A person who does not sleepwalk through the world, moreover, is freed to respond to situations in the right way, without hesitation—as if they were questions asked all of a sudden, as Epictetus puts it. A violent attack, a quarrel, the loss of a friend: all these are demands barked at you by life, as by a schoolteacher trying to catch you not paying attention in class. Even a moment of boredom is such a question. Whatever happens, however unforeseen it is, you should be able to respond in a precisely suitable way. This is why, for Montaigne, learning to live “appropriately” (à propos) is the “great and glorious masterpiece” of human life.
Stoics and Epicureans alike approached this goal mainly through rehearsal and meditation. Like tennis players practicing volleys and smashes for hours, they used rehearsal to carve grooves of habit, down which their minds would run as naturally as water down a river bed. It is a form of self-hypnotism. The great Stoic Roman emperor Marcus Aurelius kept notebooks in which he would go over the changes of perspective he wished to drill into himself:
Seneca did this too: “Place before your mind’s eye the vast spread of time’s abyss, and consider the universe; and then contrast our so-called human life with infinity.”
Pyrrhonians accordingly deal with all the problems life can throw at them by means of a single word which acts as shorthand for this maneuver: in Greek, epokhe. It means “I suspend judgment.” Or, in a different rendition given in French by Montaigne himself, je soutiens: “I hold back.” This phrase conquers all enemies; it undoes them, so that they disintegrate into atoms before your eyes. This sounds about as uplifting as the Stoic or Epicurean notion of “indifference.” But, like the other Hellenistic ideas, it works, and that is all that matters. Epokhe functions almost like one of those puzzling koans in Zen Buddhism: brief, enigmatic notions or unanswerable questions such as “What is the sound of one hand clapping?”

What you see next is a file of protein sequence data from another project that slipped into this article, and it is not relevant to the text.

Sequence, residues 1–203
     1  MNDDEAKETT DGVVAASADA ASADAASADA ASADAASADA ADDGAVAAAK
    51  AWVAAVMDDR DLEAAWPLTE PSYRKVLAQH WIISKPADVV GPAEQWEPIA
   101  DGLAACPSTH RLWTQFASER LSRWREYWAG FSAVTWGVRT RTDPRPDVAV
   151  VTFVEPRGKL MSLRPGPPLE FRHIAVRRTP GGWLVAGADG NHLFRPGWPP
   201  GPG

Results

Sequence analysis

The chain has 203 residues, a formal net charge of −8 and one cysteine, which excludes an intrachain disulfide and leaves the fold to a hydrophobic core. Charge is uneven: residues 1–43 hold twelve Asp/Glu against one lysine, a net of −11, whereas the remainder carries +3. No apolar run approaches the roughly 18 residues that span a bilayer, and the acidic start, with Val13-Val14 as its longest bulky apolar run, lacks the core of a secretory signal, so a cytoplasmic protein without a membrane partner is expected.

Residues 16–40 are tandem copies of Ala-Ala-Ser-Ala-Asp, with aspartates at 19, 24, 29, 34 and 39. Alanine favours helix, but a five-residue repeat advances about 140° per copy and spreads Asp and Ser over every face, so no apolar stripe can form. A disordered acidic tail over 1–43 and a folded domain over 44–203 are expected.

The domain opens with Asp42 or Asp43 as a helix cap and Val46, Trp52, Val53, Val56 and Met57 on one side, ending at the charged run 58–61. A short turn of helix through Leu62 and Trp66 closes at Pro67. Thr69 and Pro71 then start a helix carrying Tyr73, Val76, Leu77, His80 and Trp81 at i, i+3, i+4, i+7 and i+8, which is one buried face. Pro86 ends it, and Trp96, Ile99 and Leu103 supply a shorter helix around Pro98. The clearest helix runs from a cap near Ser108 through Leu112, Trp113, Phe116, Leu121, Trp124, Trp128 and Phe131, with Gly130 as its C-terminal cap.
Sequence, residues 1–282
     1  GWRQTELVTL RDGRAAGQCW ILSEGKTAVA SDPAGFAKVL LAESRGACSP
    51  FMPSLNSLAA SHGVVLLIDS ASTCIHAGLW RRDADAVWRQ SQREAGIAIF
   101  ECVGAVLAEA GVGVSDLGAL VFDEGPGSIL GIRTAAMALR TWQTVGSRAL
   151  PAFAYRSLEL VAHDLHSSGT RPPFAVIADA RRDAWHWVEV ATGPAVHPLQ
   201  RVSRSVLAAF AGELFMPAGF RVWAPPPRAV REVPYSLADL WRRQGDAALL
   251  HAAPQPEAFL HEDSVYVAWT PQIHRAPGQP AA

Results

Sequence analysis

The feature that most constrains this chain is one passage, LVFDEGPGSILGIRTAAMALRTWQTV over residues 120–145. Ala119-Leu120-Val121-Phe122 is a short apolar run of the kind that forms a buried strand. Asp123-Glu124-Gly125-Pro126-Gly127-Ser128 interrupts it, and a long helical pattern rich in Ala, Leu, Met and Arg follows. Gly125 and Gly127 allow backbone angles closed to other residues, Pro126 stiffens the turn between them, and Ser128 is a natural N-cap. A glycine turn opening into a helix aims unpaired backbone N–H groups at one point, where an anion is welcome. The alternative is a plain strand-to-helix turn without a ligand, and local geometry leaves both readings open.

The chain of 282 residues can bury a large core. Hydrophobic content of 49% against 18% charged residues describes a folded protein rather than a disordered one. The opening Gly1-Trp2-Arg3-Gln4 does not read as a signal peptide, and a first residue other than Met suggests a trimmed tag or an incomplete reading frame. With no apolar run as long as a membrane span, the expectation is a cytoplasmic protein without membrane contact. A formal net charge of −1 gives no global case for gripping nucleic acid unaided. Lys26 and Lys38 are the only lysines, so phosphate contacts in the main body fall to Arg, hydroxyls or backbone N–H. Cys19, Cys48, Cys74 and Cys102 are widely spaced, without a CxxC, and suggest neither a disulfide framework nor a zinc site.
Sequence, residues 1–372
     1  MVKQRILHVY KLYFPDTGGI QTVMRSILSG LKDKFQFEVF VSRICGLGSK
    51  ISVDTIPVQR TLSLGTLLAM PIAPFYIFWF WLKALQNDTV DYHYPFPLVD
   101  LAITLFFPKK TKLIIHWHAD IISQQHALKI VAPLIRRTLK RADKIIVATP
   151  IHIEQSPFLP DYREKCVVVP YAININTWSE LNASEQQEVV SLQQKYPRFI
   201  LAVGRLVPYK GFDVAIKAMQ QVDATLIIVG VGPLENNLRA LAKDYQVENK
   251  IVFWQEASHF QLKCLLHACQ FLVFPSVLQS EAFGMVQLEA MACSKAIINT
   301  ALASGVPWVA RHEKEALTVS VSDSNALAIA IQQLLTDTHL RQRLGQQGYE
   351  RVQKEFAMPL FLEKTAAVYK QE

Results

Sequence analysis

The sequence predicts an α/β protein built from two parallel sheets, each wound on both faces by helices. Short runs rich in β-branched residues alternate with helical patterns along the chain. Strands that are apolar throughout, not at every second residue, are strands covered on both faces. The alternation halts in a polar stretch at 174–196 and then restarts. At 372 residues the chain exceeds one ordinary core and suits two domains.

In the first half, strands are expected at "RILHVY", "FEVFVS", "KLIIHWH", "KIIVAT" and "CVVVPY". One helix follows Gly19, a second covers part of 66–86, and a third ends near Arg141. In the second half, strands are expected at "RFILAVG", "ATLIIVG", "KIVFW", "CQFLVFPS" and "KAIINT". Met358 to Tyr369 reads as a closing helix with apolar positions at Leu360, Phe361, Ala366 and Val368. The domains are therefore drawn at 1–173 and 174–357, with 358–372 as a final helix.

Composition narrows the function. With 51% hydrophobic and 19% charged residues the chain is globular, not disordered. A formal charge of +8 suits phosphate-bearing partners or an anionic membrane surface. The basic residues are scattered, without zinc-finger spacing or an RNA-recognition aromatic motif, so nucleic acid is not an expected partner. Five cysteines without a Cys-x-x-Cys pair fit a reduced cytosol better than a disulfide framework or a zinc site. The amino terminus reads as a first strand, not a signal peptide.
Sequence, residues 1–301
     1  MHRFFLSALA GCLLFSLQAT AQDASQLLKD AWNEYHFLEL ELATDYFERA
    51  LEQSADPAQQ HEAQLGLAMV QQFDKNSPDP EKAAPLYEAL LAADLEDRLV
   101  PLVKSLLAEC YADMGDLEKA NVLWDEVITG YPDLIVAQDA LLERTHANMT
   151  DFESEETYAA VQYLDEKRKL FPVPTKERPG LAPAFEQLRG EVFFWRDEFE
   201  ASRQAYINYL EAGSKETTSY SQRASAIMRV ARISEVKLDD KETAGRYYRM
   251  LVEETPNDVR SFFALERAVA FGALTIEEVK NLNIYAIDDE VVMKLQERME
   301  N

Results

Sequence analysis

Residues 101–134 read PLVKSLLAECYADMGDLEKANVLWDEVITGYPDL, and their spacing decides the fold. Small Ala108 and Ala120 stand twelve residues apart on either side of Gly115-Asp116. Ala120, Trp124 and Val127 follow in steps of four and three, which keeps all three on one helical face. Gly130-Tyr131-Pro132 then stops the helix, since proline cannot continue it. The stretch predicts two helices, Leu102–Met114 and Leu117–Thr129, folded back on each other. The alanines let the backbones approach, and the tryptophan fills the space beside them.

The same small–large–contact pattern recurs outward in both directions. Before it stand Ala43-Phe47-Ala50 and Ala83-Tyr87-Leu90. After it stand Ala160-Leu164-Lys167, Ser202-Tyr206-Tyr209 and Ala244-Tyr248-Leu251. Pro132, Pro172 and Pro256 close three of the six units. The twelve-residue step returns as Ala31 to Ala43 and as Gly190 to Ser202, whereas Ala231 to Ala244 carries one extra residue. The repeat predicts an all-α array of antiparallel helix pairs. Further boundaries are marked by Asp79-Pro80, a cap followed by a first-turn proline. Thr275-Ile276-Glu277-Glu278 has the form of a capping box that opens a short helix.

We should have wife, children, goods, and above all health, if we can; but we must not bind ourselves to them so strongly that our happiness depends on them. We must reserve a back shop all our own, entirely free, in which to establish our real liberty and our principal retreat and solitude. Here our ordinary conversation must be between us and ourselves, and so private that no outside association or communication can find a place; here we must talk and laugh as if without wife, without children, without possessions, without retinue and servants, so that, when the time comes to lose them, it will be nothing new to us to do without them.
He even fantasized about becoming like Hippias of Elis, a Greek Sophist philosopher of the fifth century BC, who learned to be self-sufficient, teaching himself to cook, shave, make his own clothes and shoes—everything he needed. It was a fine idea. Still: a self-sufficient Montaigne, mending his doublet with needle and thread, digging his garden, baking bread, tanning leather for his boots? Even Montaigne himself must have found this hard to picture.
How to Live: Or A Life of Montaigne in One Question and Twenty Attempts at an Answer